Fri Jun 9 07:34:41 MDT 1995

A friend posted this to me and I think it's relevant to any discussion lists.
It also underlines what I've been saying about the MAJOR misunderstanding
between conservatives and liberals.
+++++++++++++++++++++++ ORIGINAL MESSAGE +++++++++++++++++++++++++++++++
From:   SMTP%"WS62186 at"  8-JUN-1995 23:00:55.27
To:     MWEST1
Subj:   wendell>> thought you might find this interesting...
Date: Thu, 8 Jun 1995 22:59:34 -0400
From: WS62186 at
Message-Id: <950608225932_91096163 at>
To: MWEST1 at
Subject: wendell>> thought you might find this interesting...
Subj:  #1(2) PHIL-LIT Digest - 6 Jun 1995 to 7 Jun 1995
Date:  Thu, Jun 8, 1995 12:08 AM EST
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Date:    Wed, 7 Jun 1995 12:43:14 -0400
From:    Jim Harrison <Alethinos at AOL.COM>
Subject: The Metaphysics of Truth
I find it odd that various people continue to insist that *truth* is
essentially a product of language. This leads to some strange conclusions and
The first conclusion, it seems, is that somewhere along the line humans
*invented* language. And that somehow this invention was the outcome of some
powerful idiosyncratic desire to communicate, perhaps found initially in
small family units. Of course there is no evidence for this - linguists are
still in the process (and arguing) over language *origins*. And I would
suggest that this assumption of invention of language is similar to the (at
the time) useful theories of the *original state of man* in arguments for
natural rights. It is a wonderful and indeed powerful fiction - but a fiction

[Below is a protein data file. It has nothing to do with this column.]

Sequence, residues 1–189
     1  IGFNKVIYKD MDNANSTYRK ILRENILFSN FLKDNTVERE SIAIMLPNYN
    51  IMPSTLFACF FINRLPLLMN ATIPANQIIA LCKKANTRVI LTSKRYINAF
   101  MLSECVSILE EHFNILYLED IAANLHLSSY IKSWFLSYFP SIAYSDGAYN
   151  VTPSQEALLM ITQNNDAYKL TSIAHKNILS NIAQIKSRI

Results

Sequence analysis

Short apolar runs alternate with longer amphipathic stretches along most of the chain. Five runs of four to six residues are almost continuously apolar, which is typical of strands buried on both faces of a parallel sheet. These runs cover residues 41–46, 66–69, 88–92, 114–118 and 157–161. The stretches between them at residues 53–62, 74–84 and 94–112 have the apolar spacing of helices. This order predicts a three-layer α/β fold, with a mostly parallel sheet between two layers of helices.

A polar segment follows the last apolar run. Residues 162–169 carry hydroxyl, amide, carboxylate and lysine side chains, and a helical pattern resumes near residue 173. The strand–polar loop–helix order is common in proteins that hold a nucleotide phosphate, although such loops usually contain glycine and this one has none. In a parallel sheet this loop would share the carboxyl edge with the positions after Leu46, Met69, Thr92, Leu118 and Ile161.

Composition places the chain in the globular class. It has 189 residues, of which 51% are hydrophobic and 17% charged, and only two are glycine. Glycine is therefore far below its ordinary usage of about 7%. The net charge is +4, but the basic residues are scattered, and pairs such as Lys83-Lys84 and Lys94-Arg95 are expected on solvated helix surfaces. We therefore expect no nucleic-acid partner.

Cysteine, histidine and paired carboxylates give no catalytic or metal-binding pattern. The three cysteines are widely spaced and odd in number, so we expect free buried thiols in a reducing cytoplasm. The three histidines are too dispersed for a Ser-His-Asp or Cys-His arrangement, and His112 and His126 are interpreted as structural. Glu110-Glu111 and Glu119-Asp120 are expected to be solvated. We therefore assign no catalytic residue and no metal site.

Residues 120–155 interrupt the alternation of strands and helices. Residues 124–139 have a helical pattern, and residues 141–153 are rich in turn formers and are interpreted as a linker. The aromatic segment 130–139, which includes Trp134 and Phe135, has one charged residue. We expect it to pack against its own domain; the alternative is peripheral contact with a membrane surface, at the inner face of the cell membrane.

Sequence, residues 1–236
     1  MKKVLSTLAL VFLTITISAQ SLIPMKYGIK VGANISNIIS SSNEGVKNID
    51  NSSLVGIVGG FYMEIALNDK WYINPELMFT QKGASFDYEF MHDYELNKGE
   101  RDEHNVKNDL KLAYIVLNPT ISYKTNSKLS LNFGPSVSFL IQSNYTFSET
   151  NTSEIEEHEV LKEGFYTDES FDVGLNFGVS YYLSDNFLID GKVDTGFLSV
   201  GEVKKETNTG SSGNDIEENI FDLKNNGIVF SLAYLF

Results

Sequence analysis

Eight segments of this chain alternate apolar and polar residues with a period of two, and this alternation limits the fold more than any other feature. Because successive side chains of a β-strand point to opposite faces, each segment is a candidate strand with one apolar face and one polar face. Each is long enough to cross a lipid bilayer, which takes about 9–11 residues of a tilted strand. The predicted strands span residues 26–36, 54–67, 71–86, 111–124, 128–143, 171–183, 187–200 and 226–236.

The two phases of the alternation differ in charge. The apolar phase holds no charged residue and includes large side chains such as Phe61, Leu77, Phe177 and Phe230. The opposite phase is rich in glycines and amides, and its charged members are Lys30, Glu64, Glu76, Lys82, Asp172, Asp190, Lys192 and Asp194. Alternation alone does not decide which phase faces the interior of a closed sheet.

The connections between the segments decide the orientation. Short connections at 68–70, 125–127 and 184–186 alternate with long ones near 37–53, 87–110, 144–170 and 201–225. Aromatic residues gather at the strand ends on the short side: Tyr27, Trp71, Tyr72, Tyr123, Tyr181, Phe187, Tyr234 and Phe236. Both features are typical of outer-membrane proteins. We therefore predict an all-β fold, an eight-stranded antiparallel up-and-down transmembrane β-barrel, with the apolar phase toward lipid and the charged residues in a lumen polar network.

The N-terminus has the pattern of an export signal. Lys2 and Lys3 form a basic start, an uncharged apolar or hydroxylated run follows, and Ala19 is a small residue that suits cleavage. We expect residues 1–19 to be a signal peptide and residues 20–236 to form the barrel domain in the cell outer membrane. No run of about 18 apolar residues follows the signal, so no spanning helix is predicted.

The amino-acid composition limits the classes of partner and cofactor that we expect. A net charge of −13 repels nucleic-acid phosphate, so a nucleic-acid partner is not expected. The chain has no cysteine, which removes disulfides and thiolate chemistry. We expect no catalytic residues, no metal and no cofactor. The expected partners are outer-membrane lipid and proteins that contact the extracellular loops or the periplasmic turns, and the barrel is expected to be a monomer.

The following conclusion, based on the above, is that language is, in the
end, truly idiosyncratic; that any apparent unity in thought and definition
is to some degree always illusionary. The bases for this belief, as expressed
generally here on this list seems to be as follows:
Because we all recognize the difficulty in having our thoughts, as expressed
in language, clearly understood, this is a *proof* that, even as *advanced*
as language seems to have become it is still, essentially, idiosyncratic.
Each individual is constantly reshaping language within their mind to satisfy
their particular *world-view* - and then finds that the communication of this
*world-view* must be compromised to suit the prevailing standard definitions
that the group accepts.
The counter-view is that our thoughts are overwhelmingly shaped and
determined by language - hence there is no real way for an individual to
determine what might be considered a *pure* thought. This view seems to
suggest that language is equivalent to a virus for which we have no immunity.
It is also assumed that humans are _only_ capable of thinking via the use of
Consequently (it seems to be assumed here) since language is idiosyncratic,
both in communicative construction and in its effect on thought processes,
any reference to perception of reality must be assumed to also be
idiosyncratic. So, in the end, any reference to a *truth* is simply a
temporary *pact* between any number of individuals because this *truth*
satisfies a particular need among those individuals.
If this is the case, then we have to also assume that all perception is
essentially illusionary - since there is no possibility for confirmation of
our perception with anything or anyone outside ourselves. Simple agreement
with others such as ourselves would be no guarantee that we were perceiving
correctly. Indeed, we have no bases in which to judge what (if there is such
a thing) a *correct perception* is.
This essentially is how such arguments by those espousing *truth is a product
of language* theory appears to me. I am sure there are all sorts of
exceptions, and I would invite them please, since I am trying to get a clear
vision of what exactly you all are trying to say.
jim h

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